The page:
Three and a half years old. My sweet boy has had sensitive skin in his nether regions for his whole life. What changed is that he became extremely articulate in describing just how bad his diaper rashes hurt. At the same time, he started thinking it was funny to lie about if he had a wet diaper. At first, I was hypervigilant, making him come get a change even if he said he wasn’t wet. Then, something snapped, and I told him, “Fine. Don’t get changed, but you’ll get a rash because you’re lying.” I choked down my tears at his terrible, sometimes bleeding, rashes, hoping he would learn to either let me change him, or just GO TO THE POTTY! Nope. He won. I went back to changing him at the slightest hint of poo or pee, because I couldn’t handle seeing his pain. Our whole family learned the chant, “You wouldn’t get a rash if you’d go in the potty,” whenever his sensitive skin presented him with diaper rash despite our best efforts.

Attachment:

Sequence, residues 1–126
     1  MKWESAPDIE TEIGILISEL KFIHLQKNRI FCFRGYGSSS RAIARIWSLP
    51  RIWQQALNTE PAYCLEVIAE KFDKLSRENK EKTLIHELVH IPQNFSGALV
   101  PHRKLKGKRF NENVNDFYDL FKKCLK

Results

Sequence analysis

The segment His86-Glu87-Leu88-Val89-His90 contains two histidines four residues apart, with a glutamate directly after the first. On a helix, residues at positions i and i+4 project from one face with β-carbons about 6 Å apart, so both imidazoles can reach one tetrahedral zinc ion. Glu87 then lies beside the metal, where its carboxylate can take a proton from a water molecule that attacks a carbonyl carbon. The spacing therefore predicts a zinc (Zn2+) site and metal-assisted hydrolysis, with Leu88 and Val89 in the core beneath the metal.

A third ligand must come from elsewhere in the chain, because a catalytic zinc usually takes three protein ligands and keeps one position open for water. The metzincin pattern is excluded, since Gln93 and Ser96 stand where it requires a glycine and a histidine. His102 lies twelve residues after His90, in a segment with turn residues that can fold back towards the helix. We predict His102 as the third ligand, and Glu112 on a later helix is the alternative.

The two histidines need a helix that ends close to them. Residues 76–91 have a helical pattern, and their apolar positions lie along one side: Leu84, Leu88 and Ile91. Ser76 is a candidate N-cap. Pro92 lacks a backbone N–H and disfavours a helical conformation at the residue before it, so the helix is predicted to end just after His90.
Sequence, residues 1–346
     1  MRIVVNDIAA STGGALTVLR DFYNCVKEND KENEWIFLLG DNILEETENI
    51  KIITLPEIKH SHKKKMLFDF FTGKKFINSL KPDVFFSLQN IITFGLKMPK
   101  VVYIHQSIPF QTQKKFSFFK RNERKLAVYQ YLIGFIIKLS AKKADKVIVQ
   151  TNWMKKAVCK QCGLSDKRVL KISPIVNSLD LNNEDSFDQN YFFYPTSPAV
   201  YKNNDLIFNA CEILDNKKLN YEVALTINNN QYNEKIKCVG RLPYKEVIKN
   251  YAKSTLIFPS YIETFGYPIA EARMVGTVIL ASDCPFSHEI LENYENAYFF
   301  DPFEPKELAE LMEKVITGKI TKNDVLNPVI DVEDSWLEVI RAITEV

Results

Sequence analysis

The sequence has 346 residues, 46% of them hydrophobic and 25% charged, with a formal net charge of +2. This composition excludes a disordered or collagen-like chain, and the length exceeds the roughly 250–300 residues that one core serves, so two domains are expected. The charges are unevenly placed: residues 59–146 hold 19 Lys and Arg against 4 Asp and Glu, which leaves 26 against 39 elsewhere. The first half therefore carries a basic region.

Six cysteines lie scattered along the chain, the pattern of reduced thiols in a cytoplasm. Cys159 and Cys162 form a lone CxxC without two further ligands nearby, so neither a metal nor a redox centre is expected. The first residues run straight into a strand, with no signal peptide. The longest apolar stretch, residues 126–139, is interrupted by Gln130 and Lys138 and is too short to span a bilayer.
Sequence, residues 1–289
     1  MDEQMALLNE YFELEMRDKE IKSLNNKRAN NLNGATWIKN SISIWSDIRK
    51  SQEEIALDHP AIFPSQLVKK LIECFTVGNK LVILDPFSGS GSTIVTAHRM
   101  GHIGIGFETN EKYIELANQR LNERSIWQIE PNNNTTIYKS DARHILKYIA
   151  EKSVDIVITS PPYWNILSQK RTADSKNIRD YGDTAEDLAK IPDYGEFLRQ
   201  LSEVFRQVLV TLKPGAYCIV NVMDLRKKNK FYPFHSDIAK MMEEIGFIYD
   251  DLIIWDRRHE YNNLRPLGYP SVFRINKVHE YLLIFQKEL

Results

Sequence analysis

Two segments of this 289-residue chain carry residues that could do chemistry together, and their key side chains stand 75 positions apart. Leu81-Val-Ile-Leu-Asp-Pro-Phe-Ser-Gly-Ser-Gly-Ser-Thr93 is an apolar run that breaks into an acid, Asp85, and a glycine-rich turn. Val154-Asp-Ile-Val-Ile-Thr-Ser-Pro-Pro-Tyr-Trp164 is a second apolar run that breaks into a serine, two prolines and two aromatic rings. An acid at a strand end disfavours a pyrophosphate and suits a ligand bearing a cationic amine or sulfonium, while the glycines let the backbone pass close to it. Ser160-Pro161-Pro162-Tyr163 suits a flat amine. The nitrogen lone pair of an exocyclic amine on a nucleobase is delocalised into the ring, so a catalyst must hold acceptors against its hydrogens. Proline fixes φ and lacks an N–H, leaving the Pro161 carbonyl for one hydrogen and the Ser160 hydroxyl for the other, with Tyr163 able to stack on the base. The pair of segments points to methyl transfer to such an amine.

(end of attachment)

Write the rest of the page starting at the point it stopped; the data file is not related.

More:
I kept hearing from people who wanted to give me potty-training advice. All the nifty methods just seemed either silly, or cruel, or somewhere between. The one thing that stuck with me was the statement my sister-in-law said made about “forcing it” with her children, and how sometimes her children still wet. She suspects it’s in response to the way they were potty trained.  I just wanted my boy to learn to go in the potty. I was okay with waiting for him to want it, as long as he wanted it before preschool started, because I didn’t want diapers to hold him back. I started pointing out his friends in underwear. We went on a field trip with the preschool his older best friend attended, and I made sure to remind my guy that he couldn’t go to preschool like his buddy without being potty trained. He said, “Well, I guess I can’t go, because I don’t want to go in the potty.” Again, he knew the consequences, and just didn’t want to make that leap.